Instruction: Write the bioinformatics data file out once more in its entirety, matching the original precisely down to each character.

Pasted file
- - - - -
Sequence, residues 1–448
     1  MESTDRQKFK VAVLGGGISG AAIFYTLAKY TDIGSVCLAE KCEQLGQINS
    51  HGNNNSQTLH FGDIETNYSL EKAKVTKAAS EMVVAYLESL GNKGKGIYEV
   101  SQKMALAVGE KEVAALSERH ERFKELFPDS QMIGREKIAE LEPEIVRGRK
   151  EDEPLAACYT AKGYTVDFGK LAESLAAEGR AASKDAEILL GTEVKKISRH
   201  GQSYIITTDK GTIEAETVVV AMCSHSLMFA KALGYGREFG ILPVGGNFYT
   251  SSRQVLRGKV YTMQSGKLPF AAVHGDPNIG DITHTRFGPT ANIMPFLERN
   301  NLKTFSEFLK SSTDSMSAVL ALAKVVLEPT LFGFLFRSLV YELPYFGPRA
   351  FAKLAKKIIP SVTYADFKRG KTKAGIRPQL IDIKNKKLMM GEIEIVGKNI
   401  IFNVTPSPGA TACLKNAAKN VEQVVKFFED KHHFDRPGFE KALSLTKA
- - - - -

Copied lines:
Sequence, residues 1–448
     1  MESTDRQKFK VAVLGGGISG AAIFYTLAKY TDIGSVCLAE KCEQLGQINS
    51  HGNNNSQTLH FGDIETNYSL EKAKVTKAAS EMVVAYLESL GNKGKGIYEV
   101  SQKMALAVGE KEVAALSERH ERFKELFPDS QMIGREKIAE LEPEIVRGRK
   151  EDEPLAACYT AKGYTVDFGK LAESLAAEGR AASKDAEILL GTEVKKISRH
   201  GQSYIITTDK GTIEAETVVV AMCSHSLMFA KALGYGREFG ILPVGGNFYT
   251  SSRQVLRGKV YTMQSGKLPF AAVHGDPNIG DITHTRFGPT ANIMPFLERN
   301  NLKTFSEFLK SSTDSMSAVL ALAKVVLEPT LFGFLFRSLV YELPYFGPRA
   351  FAKLAKKIIP SVTYADFKRG KTKAGIRPQL IDIKNKKLMM GEIEIVGKNI
   401  IFNVTPSPGA TACLKNAAKN VEQVVKFFED KHHFDRPGFE KALSLTKA